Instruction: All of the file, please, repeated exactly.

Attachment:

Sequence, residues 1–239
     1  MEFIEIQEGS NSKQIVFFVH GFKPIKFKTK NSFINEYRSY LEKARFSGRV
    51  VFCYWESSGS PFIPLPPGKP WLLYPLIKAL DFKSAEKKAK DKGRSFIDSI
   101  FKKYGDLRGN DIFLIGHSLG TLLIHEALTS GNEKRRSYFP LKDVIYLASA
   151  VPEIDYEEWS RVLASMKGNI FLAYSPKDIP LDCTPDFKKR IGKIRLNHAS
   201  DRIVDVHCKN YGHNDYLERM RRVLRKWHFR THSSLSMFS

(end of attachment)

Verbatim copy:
Sequence, residues 1–239
     1  MEFIEIQEGS NSKQIVFFVH GFKPIKFKTK NSFINEYRSY LEKARFSGRV
    51  VFCYWESSGS PFIPLPPGKP WLLYPLIKAL DFKSAEKKAK DKGRSFIDSI
   101  FKKYGDLRGN DIFLIGHSLG TLLIHEALTS GNEKRRSYFP LKDVIYLASA
   151  VPEIDYEEWS RVLASMKGNI FLAYSPKDIP LDCTPDFKKR IGKIRLNHAS
   201  DRIVDVHCKN YGHNDYLERM RRVLRKWHFR THSSLSMFS